Three 100,000-tonners For Crystal – Other Cruise News: More Cuba News From Haimark – Norwegian’s A La Carte Pricing
by Kevin Griffin
Two weeks ago The Cruise Examiner disclosed that the Megastar Taurus was about to join Crystal Cruises, which it will now do in December as the Crystal Esprit. But now comes even bigger news. As well as introducing Crystal Yacht Cruises, the brand will inaugurate Crystal River Cruises as an upmarket all-inclusive river product and Crystal Luxury Air for air cruises. But that’s not all. The really big news is that Crystal is about to order three new all-inclusive ultra-luxury 1,000-berth 100,000-ton Crystal Exclusive class ships, starting in late 2018. Elsewhere, Haimark Line has joined Carnival’s fathom brand in announcing that they will cruise to Cuba from Florida beginning next year. And Norwegian is changing many of its alternative dining venues to a la carte pricing.
THIS WEEK’S STORY
Three 100,000-tonners For Crystal
Recently, The Cruise Examiner brought you exclusive news that Star’s Megastar Taurus would be joining Crystal Cruises as a luxury expedition ship. Now the news has broken and a new name has been announced. But that is only the first bit of news.
To be renamed Crystal Esprit, the new addition will carry just 62 passengers under the new brand Crystal Yacht Cruises. As well as four 10-passenger Zodiacs and a 12-passenger Wider 32-foot mega yacht tender, guests will have access to water skis, wake boards, kayaks, jet skis, fishing, scuba, and snorkel equipment.
The Crystal Esprit leaves on her first cruise on December 23, 2015, to explore the Seychelles, followed by a post-cruise New Year’s Eve celebration at the Taj Hotel in Dubai. For 2016 and 2017, and early 2018, Crystal Esprit will sail the Seychelles, the Arabian Gulf and the Adriatic Coast.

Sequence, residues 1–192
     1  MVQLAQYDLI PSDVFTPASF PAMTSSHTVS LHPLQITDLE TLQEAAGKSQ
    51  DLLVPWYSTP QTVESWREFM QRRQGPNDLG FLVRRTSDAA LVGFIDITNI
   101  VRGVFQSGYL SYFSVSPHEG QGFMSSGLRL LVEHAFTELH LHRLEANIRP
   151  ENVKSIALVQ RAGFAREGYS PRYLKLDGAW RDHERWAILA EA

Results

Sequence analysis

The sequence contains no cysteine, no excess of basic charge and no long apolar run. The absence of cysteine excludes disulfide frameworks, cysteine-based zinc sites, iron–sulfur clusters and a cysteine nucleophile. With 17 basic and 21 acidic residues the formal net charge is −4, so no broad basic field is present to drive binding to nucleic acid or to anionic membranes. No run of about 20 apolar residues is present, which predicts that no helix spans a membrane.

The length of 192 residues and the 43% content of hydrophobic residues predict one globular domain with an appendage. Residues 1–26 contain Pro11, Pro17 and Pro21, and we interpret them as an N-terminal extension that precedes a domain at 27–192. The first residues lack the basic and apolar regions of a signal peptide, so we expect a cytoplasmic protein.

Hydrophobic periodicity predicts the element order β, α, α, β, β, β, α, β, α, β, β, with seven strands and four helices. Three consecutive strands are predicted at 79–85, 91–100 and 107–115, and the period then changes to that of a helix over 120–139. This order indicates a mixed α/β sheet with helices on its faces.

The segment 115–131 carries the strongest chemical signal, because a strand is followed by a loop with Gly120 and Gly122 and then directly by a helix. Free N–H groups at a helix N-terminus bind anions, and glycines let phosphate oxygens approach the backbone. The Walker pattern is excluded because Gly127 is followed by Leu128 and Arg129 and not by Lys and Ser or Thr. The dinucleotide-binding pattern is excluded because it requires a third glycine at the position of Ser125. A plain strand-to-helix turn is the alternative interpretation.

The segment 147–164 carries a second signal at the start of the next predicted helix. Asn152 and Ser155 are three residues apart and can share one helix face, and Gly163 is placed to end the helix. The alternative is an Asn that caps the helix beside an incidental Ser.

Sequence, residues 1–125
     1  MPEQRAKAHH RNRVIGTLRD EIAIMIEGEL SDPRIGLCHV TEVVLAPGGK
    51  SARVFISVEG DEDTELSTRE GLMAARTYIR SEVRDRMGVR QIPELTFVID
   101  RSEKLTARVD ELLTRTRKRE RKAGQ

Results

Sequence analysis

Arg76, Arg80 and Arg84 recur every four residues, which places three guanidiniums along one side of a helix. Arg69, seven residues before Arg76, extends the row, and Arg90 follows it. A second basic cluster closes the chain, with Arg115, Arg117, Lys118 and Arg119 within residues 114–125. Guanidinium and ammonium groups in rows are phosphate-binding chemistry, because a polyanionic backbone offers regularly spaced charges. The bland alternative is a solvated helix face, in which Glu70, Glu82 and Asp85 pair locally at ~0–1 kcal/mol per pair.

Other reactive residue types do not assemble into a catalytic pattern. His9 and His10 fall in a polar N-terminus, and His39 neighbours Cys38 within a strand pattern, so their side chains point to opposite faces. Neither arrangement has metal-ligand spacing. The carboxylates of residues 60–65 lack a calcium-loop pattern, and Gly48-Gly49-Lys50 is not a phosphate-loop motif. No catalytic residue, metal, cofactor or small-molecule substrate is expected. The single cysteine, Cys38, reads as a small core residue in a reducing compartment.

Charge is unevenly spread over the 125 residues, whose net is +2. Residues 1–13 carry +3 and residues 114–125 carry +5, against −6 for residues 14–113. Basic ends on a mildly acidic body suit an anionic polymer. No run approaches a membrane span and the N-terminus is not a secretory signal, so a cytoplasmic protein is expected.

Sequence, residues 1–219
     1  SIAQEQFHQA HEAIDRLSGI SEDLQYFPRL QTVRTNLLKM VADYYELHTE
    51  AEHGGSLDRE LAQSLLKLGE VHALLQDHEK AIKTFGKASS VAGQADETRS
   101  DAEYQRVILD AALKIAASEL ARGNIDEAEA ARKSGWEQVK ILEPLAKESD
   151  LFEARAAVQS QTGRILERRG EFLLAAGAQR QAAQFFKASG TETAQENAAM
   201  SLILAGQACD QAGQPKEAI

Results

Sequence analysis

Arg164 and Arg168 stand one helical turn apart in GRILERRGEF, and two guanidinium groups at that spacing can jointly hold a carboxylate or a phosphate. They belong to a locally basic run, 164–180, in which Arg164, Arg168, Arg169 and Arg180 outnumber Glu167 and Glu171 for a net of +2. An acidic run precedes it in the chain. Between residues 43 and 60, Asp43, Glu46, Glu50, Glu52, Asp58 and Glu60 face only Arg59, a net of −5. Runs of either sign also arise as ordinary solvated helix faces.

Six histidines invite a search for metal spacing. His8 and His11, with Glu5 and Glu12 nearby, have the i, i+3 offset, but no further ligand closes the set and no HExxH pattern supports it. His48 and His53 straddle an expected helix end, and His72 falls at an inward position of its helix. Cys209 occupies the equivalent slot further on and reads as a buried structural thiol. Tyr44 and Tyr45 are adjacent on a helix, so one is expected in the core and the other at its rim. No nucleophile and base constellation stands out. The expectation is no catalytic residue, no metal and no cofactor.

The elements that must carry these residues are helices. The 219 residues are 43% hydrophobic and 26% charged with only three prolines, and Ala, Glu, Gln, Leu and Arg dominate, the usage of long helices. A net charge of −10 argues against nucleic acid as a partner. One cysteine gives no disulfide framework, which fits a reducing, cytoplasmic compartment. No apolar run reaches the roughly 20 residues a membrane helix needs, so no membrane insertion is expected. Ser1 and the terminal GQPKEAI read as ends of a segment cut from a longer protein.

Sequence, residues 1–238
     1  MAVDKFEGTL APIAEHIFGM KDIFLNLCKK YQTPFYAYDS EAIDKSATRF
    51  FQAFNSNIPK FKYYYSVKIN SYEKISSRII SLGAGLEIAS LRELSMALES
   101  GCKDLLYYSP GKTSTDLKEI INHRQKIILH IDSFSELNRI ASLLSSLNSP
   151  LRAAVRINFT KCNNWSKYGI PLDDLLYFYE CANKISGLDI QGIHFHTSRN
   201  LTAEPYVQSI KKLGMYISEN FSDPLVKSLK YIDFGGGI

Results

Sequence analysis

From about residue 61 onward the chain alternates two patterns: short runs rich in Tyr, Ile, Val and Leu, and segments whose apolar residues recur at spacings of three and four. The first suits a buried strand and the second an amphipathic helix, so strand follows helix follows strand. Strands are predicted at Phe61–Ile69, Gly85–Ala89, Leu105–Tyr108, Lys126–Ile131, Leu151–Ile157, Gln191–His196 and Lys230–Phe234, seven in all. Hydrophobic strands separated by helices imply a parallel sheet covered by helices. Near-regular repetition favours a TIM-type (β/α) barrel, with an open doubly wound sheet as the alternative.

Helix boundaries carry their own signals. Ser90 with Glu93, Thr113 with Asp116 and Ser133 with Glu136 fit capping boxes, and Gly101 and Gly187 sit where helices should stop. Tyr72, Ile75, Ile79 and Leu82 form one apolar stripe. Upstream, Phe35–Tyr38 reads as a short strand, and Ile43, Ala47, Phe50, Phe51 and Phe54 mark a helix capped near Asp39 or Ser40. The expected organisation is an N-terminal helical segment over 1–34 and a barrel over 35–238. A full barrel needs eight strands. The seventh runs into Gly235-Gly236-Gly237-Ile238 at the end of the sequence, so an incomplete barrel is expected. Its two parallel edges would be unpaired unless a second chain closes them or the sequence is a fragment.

As alluded to above, Crystal Yacht Cruises is just the first of several expansive changes now being planned at Crystal since the line was purchased from NYK by Genting Cruises this spring. In addition to the new expedition ship, Crystal will now adopt a much more aggressive growth strategy.
In 2017, it will launch Crystal River Cruises, an all-inclusive operation, and Crystal Luxury Air, a luxury air tours operation with a Boeing 787 Dreamliner painted in Crystal.
The new plane, which would normally accommodate 300, will carry just sixty guests in business class seats, with itineraries lasting about four weeks. Other operators of such air cruises in the past have included Hapag-Lloyd Cruises and Australia-based Captain’s Choice.
But the really big news is that Crystal has signed a Letter of Intent with Lloyd Werft of Bremerhaven for three 100,000-ton polar-capable ships to be called the new Crystal Exclusive class.
These newbuildings will have ice-strengthened hulls and will thus be expedition-capable worldwide. Their accommodation will be all-suite and of course all outside, as well as all having balconies.
The new ships, the first of which is due to enter service in 2018, will carry only about 1,000 passengers, giving them the highest space ratio in the industry, at 100 tons per passenger. The minimum suite size will be a very generous 400 square feet and the new ships will have a crew to passenger ratio of one-to-one.
The top deck will house forty-eight private residences in the style of The World, to be called Crystal Residences. These will start at 600 square feet and go to more than 4,000 square feet and will also have their own private restaurant. Presumably this area will not only compete with The World but will also be very economic compared to owning a mega yacht.
There is no question that the new Crystal is going after the very top of the market, and that they feel they can do this with large ships, as compared to the boutique-size ships that we have now become used to. Chairman Tan Sri Lim, stated, “Our intent is to make Crystal Cruises the core of what will become the world’s premier luxury hospitality and lifestyle brand portfolio, not only for the immediate future but for years to come.”
Lloyd Werft has not produced any pure newbuildings for some years now, the last being Pride of America, which it completed a decade ago on a hull started in the United States.
Other products have included the completion and fit-out of hulls built at other yards and the last pure newbuilding to have come from Lloyd Werft was the 2,000-berth Norwegian Sun of 2001.